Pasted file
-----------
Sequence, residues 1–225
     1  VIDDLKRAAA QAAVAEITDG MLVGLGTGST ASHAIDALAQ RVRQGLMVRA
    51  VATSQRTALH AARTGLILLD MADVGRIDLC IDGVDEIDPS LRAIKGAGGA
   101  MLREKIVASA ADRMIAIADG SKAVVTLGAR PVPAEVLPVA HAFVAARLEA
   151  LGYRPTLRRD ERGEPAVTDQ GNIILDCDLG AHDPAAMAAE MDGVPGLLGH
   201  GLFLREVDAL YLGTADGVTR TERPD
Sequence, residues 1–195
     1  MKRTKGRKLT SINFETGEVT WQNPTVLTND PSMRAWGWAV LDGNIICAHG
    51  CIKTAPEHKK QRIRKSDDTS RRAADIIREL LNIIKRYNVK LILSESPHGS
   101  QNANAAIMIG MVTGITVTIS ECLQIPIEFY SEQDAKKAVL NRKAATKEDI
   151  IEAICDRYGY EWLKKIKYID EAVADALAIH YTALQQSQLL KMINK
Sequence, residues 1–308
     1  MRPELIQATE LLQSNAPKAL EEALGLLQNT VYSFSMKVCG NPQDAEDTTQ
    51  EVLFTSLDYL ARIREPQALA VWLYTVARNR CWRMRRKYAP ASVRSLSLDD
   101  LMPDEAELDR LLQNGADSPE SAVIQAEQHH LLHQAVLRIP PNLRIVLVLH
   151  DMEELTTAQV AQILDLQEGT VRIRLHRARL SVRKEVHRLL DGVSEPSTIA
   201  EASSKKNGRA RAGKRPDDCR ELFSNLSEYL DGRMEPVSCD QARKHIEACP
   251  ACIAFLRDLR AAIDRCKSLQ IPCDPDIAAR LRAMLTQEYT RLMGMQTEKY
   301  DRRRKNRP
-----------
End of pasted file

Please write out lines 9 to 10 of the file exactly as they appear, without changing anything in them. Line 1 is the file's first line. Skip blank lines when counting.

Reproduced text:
    51  CIKTAPEHKK QRIRKSDDTS RRAADIIREL LNIIKRYNVK LILSESPHGS
   101  QNANAAIMIG MVTGITVTIS ECLQIPIEFY SEQDAKKAVL NRKAATKEDI